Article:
Jun 23, 2016

Icarus: The Boy Who Flew Too Close to the Sun

I mentioned before that artists interested in depicting men without women around have only limited mythological and religious themes to choose from, and most involve tragedy.

Take the tragedy of Icarus:
According to Greek mythology, skilled inventor Daedalus and his son Icarus were imprisoned in Crete.  To escape, Daedalus made them wings from bird feathers, held together with wax.  The plan would have worked, except that Icarus flew too close to the sun, so the wax on his wings melted, and he plunged to his death.

In the ancient world, and through the Middle Ages, the story was used to illustrate the folly of over-confidence, trying to do more than you are able.  But more recent artists and writers have a different take: strive to be all that you can.  You may fail, but at least you were able to fly.

Or they just like to portray a muscular nude Athenian youth, before, during, or after his flight.

Daedalus and Icarus (1645), by French painter Charles LeBrun, shows the moment when Daedalus rouses Icarus to try on his wings.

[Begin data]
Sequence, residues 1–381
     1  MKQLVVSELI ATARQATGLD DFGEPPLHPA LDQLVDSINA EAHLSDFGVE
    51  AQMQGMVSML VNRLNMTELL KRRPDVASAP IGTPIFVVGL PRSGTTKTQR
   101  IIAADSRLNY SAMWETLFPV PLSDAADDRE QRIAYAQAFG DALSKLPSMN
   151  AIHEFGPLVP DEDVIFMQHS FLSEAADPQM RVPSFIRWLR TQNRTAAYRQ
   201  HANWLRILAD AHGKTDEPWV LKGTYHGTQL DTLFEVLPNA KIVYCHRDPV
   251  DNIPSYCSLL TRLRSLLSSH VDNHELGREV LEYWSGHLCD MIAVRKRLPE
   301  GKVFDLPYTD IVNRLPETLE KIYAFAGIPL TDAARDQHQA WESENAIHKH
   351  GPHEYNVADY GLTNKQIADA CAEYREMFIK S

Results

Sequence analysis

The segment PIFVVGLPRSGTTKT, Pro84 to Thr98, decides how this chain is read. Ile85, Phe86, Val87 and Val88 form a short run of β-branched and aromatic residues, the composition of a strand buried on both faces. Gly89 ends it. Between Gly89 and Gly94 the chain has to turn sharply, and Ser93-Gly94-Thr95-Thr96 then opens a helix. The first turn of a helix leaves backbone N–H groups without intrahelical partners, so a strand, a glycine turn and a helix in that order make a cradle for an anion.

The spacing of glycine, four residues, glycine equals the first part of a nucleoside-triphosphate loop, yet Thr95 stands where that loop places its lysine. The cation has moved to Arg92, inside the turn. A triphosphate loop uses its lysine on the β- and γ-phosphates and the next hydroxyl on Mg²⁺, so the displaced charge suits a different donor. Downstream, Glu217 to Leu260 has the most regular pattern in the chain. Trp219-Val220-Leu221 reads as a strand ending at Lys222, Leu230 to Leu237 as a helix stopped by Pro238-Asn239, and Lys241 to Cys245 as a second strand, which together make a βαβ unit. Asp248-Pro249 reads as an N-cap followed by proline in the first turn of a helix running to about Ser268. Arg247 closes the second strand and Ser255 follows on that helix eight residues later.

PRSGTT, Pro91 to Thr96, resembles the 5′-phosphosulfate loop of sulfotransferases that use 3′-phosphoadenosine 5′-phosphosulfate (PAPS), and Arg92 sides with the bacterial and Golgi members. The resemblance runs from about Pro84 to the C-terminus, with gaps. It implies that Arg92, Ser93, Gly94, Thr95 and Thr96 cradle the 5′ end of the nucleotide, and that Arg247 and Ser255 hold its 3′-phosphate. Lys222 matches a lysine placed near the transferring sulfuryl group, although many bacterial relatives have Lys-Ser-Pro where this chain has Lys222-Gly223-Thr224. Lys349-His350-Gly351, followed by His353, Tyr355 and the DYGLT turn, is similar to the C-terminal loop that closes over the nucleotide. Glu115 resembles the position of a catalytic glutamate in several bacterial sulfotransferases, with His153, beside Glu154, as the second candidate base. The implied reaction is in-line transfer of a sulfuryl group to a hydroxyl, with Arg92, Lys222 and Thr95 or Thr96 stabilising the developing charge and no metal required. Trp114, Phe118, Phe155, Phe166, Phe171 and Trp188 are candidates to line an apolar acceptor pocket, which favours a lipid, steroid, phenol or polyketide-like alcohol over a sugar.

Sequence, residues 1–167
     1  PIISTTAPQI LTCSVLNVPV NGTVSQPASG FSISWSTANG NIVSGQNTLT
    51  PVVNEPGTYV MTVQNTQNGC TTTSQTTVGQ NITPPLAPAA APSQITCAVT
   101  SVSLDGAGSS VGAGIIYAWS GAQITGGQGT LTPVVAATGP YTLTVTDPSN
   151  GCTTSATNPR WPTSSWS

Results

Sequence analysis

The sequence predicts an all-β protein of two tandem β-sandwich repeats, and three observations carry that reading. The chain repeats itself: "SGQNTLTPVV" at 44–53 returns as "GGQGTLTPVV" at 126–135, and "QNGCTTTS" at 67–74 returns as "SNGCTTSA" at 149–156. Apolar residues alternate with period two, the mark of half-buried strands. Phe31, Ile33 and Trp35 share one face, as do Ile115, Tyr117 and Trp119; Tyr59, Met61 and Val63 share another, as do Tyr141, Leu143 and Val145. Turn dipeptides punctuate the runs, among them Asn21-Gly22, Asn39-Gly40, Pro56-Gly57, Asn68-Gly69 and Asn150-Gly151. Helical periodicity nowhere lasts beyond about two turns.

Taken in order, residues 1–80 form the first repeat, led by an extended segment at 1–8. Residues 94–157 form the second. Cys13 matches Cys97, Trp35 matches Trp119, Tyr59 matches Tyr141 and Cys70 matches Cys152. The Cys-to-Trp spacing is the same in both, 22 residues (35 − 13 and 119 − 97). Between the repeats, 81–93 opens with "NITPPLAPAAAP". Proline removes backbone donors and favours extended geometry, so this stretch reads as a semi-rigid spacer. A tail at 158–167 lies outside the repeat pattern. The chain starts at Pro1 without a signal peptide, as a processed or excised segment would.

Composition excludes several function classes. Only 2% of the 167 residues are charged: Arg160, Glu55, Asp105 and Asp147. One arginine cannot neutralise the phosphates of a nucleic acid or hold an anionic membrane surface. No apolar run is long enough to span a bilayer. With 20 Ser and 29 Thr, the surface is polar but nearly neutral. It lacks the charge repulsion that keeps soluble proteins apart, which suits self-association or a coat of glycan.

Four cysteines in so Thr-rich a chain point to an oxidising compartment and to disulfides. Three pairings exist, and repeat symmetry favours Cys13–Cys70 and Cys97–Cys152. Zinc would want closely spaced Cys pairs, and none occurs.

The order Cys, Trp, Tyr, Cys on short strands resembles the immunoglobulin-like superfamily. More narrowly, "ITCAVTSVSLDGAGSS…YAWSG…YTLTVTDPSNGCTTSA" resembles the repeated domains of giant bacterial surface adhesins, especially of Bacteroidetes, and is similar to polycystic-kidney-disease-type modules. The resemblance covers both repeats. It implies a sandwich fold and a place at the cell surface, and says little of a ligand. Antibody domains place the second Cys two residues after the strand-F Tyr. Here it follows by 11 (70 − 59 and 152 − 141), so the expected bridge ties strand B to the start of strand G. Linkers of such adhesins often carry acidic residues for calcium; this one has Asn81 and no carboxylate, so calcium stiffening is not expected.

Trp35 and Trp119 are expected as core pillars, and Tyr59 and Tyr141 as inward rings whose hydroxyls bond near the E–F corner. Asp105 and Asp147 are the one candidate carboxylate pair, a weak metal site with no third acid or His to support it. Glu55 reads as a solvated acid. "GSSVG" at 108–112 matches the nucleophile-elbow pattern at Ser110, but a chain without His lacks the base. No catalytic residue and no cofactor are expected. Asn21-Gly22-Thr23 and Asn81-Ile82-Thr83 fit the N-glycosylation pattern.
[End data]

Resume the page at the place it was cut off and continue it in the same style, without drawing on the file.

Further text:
Icarus and Daedalus (1869), by Lord Leighton shows the same scene, but now they're on top of the tower, and a thin swath of fabric keeps Icarus from full nudity.

The Lament for Icarus (1898), by Herbert James Draper, substitutes naked nymphs for the mourning Daedalus, but it has a particularly striking dead hero (modeled by Luigi di Luca)

The Fallen Icarus (1997), by Neil Moore, who does a lot of mythological themes with realistic touches.

Icarus in flight over the Tennessee River in Chattanooga, was sculpted by Russell Whiting

In Ennis, Ireland, John Behan erected this statue in 1990.  It's supposed to be Daedalus, but the locals call it Icarus, and the name stuck.  He actually looks more like one of those scary Winged Men from paranormal stories.

This Icarus is by James Fatata, 13" high, the perfect accessory for your desk or nightstand.

The top photo, of course, is from fantasy artist Boris Vallejo.

The most famous Icarus painting is by Pieter Bruegel the Elder.  Icarus's crash is depicted by two legs in the lower right hand corner of the painting, while everyone around goes about their daily business, oblivious.

William Carlos Williams wrote a poem about it:

a splash quite unnoticed
this was
Icarus drowning